When Charles Darwin wrote The Origin of Species in 1859—the work that first proposed the theory of evolution—he was definitely a believer in God. It’s true that as he grew older, he began to doubt the existence of a personal Creator who cared about his creatures, but Darwin always struggled with his lack of faith. He was at times a Christian and at times an agnostic. But he never thought that his scientific theory was incompatible with the idea of God. Rather, he thought that while God did not have a direct hand in creating the different species of the world, he did indeed create the natural laws that governed the cosmos—including the laws of evolutionary development.
And what of the science of genetics—the means through which evolution supposedly takes place? According to proponents of evolutionary theory, it is only through genetic mutation and the process of natural selection that life on this planet is able to undergo gradual development. Who, then, was the father of this field of study? The answer is Gregor Mendel—an Augustinian friar and abbot of a Catholic monastery! This monk, botanist, and professor of philosophy was the man whose famous experiments on peas led to the formulation of the rules of heredity and to the proposal of the existence of invisible “genes”—which provide a basis for the science of modern genetics.
Well, then what about the big bang theory—the leading explanation of how our universe began? In fact, the man who proposed both the theory of the expansion of the universe as
well as the big bang theory of the origin of the universe—effectively changing the whole course of modern cosmology—was Father Georges Lemaître, a Belgian astronomer and Roman Catholic priest! A priest came up with the big bang theory! This cleric, who taught physics at the Catholic University of Leuven, delivered a famous lecture on his theories in 1933 that was attended by Albert Einstein in California. When Einstein heard Father Lemaître delineate his theory, he said: “This is the most beautiful and satisfactory explanation of creation to which I have ever listened. Now how could this be?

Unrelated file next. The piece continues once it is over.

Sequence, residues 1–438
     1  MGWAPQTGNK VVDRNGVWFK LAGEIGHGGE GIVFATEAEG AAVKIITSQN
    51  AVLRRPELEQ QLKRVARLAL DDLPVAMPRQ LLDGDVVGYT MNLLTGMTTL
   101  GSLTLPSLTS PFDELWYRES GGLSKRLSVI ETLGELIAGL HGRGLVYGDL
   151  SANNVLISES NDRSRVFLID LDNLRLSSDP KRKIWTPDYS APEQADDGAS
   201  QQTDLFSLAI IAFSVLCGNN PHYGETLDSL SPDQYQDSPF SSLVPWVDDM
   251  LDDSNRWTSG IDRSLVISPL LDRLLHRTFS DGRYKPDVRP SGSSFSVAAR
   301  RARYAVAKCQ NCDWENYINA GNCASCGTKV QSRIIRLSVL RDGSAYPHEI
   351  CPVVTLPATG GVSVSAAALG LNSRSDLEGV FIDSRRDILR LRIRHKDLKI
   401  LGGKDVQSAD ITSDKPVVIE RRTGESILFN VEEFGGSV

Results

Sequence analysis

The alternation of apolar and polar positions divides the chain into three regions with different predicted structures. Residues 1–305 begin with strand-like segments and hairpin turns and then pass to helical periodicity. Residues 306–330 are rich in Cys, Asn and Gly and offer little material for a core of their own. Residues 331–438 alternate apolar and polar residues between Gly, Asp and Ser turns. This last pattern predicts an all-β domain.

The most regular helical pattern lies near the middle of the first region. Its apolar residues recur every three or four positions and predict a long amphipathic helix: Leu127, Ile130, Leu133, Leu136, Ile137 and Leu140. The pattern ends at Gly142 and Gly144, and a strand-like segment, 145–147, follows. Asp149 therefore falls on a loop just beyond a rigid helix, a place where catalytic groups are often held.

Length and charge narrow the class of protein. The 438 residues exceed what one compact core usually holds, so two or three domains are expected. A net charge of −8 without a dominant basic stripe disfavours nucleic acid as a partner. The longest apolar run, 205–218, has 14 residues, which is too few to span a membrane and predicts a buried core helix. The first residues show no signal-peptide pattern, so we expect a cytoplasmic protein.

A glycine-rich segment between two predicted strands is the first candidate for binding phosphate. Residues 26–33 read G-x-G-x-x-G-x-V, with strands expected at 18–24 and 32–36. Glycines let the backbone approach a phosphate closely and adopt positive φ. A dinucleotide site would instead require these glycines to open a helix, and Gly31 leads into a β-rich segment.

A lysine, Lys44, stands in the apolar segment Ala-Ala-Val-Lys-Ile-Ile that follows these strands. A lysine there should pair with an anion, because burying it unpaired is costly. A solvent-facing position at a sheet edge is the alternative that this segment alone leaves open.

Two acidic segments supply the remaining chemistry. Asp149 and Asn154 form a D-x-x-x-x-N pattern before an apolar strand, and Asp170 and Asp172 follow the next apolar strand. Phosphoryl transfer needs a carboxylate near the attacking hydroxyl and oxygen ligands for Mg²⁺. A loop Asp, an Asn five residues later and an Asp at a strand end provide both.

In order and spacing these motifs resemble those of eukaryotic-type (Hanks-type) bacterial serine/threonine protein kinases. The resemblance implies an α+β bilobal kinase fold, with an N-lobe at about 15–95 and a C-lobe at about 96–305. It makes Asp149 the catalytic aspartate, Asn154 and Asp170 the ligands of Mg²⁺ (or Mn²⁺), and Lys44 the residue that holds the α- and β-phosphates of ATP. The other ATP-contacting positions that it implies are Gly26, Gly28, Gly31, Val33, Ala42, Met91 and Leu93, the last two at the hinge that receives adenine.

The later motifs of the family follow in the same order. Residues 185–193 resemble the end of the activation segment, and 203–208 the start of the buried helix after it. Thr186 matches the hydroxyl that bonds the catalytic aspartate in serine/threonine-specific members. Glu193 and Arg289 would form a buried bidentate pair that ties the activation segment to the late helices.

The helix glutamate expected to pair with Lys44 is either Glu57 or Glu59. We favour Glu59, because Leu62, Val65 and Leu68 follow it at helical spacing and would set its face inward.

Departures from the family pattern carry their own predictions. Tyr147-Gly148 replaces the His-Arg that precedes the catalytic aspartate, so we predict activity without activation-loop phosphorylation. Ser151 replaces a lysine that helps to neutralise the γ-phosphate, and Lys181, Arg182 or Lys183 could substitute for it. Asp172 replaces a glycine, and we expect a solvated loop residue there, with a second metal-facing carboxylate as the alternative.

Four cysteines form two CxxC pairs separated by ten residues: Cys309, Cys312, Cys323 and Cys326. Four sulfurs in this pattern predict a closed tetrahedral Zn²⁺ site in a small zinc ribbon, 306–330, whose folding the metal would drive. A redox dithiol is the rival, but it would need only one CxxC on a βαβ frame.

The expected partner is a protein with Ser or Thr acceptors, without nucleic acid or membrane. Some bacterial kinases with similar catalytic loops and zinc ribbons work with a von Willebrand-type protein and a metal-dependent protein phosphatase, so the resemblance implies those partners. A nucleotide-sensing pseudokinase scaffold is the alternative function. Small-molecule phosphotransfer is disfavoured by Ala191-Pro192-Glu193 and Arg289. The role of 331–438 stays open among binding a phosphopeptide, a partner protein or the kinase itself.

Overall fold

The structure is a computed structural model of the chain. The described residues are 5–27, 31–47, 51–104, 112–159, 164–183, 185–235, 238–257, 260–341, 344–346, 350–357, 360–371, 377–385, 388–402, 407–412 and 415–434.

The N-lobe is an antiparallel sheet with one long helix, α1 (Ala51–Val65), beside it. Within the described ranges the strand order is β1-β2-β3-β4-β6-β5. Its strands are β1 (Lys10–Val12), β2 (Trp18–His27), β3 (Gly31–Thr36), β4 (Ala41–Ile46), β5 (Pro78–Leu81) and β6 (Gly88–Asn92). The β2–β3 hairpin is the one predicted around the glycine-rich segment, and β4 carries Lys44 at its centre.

How could the father of genetics be a monk and the father of the big bang theory be a priest? Didn’t these men know what all modern atheists seem to take for granted—that the very theories they espoused contradict the idea of God and nullify the possibility of his existence? Didn’t they know that their belief in God was therefore absurd? Were they really that blind?
Or is there, perhaps, another explanation? Could it be that these great men of science were not blind at all, but rather that modern atheists fail to understand the most simple principle of rational thought— namely, that explaining the scientific process of how the universe came to be does not in any way explain why it came to be. It does not explain the fundamental mystery of existence itself. This mystery can never be explained by science.
None of these giants in the field of science was an atheist. All believed in a Supreme Being who created and designed the universe